How to Incorporate Multicultural and Global Education Into Curriculum
Educating children to be global thinkers and compassionate citizens is an important part of teaching for the 21st century. But how do we help our students develop life skills that may be difficult to grasp and expand on viewpoints that are already deeply embedded in their personalities?
At Milton Hershey School, our Multicultural and Global Education program provides international travel opportunities to high school students. By traveling outside the United States and learning about other cultures, students gain a better understanding of themselves and the world around them.
“Studying abroad provides students with an experience that we can’t create at school,” said Andrew Miller, social studies curriculum supervisor at MHS. “It requires a level of independence and maturity. It gives them practical life skills they can bring back home, so they can become more confident in their ability to interact with people in their community.”
Learn more about the significance of global education and how to provide students with eye-opening cultural experiences in and out of the classroom.
International Travel Opportunities
When traveling abroad, language and learning are part of every trip. To ensure MHS students are fully prepared for the immersive experience of an international trip, they are required to submit letters of interest and complete interviews where they explain how they plan to act with integrity and mutual respect.
Each school year, approximately 75 students are selected to travel on an academic tour, language immersion trip, or global summit. Whether they visit multiple cities, complete immersive activities to apply their foreign language skills, or attend student-centered summits, the opportunity to travel allows MHS students to experience global challenges firsthand. They learn how to solve problems, communicate with others, and develop empathy and awareness—skills they can apply in their own communities.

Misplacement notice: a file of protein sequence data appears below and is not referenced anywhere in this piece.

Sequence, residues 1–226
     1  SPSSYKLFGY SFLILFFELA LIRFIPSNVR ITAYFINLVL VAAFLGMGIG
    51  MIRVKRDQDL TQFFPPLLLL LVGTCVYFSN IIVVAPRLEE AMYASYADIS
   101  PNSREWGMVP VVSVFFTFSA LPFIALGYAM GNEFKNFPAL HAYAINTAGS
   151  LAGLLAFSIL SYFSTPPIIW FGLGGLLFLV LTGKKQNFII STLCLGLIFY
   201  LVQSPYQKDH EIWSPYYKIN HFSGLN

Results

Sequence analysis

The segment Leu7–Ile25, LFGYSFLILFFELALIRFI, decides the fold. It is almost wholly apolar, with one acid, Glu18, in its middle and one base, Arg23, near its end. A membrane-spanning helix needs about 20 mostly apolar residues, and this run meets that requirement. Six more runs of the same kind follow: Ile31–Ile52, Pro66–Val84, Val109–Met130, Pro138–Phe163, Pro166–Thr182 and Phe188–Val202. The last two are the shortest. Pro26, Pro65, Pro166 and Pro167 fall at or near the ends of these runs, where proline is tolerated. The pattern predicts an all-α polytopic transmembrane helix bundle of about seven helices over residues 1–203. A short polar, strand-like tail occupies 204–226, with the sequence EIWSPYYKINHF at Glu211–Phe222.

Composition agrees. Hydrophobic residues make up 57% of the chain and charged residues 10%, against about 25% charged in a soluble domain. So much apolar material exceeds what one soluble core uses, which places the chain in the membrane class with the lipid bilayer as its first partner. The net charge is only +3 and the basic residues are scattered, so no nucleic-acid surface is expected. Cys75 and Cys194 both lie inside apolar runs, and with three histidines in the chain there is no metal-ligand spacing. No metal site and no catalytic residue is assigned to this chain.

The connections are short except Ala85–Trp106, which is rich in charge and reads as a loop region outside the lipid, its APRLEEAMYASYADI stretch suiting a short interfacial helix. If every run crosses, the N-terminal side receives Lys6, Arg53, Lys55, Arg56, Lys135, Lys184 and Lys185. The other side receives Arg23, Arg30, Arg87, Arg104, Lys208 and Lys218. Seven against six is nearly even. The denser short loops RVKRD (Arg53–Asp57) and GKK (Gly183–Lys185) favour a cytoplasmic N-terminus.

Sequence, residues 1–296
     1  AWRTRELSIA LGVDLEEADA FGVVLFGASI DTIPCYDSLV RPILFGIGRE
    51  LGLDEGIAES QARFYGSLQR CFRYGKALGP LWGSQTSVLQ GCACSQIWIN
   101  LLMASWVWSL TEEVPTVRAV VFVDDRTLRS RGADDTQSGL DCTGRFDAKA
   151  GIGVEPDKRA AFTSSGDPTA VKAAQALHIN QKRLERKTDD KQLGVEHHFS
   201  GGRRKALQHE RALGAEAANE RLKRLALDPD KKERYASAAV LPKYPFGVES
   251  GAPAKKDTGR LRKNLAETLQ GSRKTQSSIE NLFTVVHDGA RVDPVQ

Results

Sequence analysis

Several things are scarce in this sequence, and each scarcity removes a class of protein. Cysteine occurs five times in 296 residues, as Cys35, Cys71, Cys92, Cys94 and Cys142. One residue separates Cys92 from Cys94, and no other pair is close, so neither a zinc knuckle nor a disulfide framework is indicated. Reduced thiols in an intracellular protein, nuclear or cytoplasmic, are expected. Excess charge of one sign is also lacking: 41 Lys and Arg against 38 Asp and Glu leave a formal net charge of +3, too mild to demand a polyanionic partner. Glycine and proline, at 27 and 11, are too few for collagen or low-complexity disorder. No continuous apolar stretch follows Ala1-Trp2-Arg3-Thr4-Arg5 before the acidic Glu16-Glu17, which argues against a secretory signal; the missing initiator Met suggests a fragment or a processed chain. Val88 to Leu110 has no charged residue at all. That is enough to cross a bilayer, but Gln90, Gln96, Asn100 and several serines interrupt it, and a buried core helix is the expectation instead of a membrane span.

“Students often come back with really daunting challenges such as globalization and pollution,” Miller said. “These are big issues they have to face and sometimes students wonder, “What can I do?” We try to set up a framework for them to address some of those same issues on a local level.”
Sharing Global Awareness with the Community
To help create a framework for sharing global awareness, MHS students are required to give back with their international travel experience. Students must choose a topic that relates to the theme of the trip and complete a before, during, and after component—including journaling during the trip and developing a plan to help others after they come back.
“I think for many students, the real spark hits when the plane touches the ground and they begin to reflect on their experience,” Miller said. “When MHS students see other cultures and engage with people who are different from them, it provides them with empathy for the world.”
It also can be empowering when students realize they have the power to make a difference in their community. For example, when high schoolers traveled to Ghana on an international trip, they organized a video chat with younger MHS students. By answering questions and sharing their experiences, the older students began to practice global citizenship and the younger students gained a new understanding of inclusiveness and global unity.
“We have a very diverse student body at MHS, which is a great advantage for students,” Miller added. “It sets them up for incredible success with these trips because it opens up that diversity to the world.”
Incorporating Multicultural Education Into the Classroom
For many students who travel, it can be surprising to learn that the world is more similar than it is different. To strengthen these global connections and create global literacy for students of all ages, MHS humanities teachers participate in a strategic work group to bring these lessons to life in the classroom.
“We want our students to be ready for the 21st century and our global world,” Miller said. “This involves competencies related to jobs that don’t exist yet and the ability to work with different cultures.”
MHS teachers plan global awareness activities that expand on academic lessons and promote critical thinking—such as third-graders organizing a lemonade stand to raise money for children in Ghana or fourth-graders chatting with a woman from Afghanistan to make connections to a book they read in class.
“We want to help students see themselves as citizens of the world and understand how their actions, decisions, and choices impact the world—not just their local community,” Miller said.
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